“Those who cannot remember the past are condemned to repeat it.”
These words by George Santayana were repeated many times during our tour of Auschwitz-Birkenau earlier this year. Though dating from 1905, decades prior to the atrocities committed at the infamous concentration camp, they have an emotional resonance to the stories of people who lived, worked and died there.
Located in the Polish town of Oświęcim, Auschwitz-Birkenau was the largest and most notorious of the Nazi concentration and death camps. More than 1.1 million men, women and children were exterminated at the camp between May 1940 to January 1945 as part of the Third Reich’s ‘Final Solution’, though the exact figure will never be known.
Having grown up on the stories of the camp, reading about the Nazi motivations and about those who survived it in school, as well as seeing it portrayed in countless movies over the years, I thought I had a solid grasp of what happened there. How wrong I was.
To be honest, I had mixed feelings about visiting the museum. Was it wrong to visit such a place? Would it somehow be glorifying the terrible actions that went on at the camps? Would I be strong enough to handle it even? In hindsight though, I’m so glad I did.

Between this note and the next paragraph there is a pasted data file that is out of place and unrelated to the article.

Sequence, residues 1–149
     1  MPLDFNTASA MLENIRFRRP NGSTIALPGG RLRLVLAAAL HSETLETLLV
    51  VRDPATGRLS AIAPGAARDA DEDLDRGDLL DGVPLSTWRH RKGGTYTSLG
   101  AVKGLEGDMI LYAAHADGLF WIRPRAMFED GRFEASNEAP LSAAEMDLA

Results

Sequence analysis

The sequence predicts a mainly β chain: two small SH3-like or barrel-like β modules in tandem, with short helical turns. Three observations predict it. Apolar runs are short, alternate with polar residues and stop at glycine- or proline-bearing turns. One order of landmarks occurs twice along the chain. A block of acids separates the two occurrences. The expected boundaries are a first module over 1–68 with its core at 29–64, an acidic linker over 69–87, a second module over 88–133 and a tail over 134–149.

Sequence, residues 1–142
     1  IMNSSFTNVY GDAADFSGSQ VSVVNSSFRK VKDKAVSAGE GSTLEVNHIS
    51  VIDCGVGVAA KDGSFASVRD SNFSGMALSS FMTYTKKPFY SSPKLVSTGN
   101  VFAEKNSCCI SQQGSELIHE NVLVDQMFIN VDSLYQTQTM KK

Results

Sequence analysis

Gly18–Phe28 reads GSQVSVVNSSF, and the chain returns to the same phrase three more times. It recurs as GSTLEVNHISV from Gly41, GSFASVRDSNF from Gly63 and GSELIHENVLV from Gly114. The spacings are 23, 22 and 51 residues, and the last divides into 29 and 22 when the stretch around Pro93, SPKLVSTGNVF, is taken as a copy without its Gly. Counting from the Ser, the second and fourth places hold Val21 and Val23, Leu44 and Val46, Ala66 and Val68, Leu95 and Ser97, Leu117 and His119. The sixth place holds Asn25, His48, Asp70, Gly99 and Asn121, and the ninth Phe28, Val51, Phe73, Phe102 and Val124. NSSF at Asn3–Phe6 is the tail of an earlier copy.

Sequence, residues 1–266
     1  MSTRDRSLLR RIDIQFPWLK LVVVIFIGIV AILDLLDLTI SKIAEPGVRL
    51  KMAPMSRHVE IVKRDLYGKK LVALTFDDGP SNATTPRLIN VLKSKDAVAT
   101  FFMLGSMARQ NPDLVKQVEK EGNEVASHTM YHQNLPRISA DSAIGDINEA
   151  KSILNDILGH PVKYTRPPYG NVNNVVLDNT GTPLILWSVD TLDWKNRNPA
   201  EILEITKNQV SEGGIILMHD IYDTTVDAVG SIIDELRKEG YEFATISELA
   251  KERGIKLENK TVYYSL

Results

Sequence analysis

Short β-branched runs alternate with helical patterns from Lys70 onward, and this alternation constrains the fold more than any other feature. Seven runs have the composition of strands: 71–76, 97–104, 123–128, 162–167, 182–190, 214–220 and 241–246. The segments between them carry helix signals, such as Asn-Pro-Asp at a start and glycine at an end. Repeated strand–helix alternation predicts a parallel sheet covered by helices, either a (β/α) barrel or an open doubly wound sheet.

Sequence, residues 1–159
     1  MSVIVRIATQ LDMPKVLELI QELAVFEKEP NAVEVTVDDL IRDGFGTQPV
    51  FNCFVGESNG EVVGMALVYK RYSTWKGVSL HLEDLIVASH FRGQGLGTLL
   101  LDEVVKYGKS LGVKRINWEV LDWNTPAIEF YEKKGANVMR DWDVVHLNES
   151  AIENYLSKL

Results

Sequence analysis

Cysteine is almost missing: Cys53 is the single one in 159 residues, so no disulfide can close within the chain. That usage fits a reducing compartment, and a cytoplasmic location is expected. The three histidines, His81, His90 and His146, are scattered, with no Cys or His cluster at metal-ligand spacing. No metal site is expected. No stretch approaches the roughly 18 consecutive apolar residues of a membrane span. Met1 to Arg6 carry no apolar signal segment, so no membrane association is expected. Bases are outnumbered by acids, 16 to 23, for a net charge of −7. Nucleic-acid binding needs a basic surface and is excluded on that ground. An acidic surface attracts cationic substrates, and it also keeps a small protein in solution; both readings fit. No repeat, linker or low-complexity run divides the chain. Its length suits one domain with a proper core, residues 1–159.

I understand when people say it’s not right to visit these sites, but I think it’s important we do. We should visit locations such as this to be reminded of the past, to learn about the horrors that were committed by man and to ensure they never, ever happen again.
It’s one thing to see the atrocities via documentaries or Hollywood films, but another entirely to see it in person. To walk in the same grooves in the floor where hundreds of thousands of men, woman and children took their final steps – it makes it real.
Walking through Block 4, one of 28 two-storey prison quarters in the camp, and seeing five tonnes of human hair piled up to the ceiling, a tangled mess of glass and steel spectacles, and suitcases with the names of past owners etched into the sides – labelled in the hope they would eventually be returned to them – were the scenes that broke me. I had tried my best to hold it together until then. But I had to let it out. I wasn’t alone.
Continuing our slow walk into the gas chambers, seeing overhead chutes where cans of Zyklon B pesticide were emptied into the filled rooms below, only added to this feeling.
The one thing that surprised me most about the extermination rooms was how small they were, how the act of killing innocent people became an efficient, ruthless machine.
Our visit on New Year’s Day, on a biting winter’s morning that never rose above -2°C, also helped put the experience of the inmates into greater perspective. Whatever time of year you visit though, I can guarantee that the experience will remain with you forever.
Would I visit Auschwitz again? No. Once was enough. But I do think it’s a place we should all visit someday, especially now – 75 years after the end of World War II – when it’s so easy to forget what happened at the time and how it all began.
As Santayana said, “Those who forget the past…”
Learn more about the Auschwitz Birkenau Memorial Museum at auschwitz.org/en/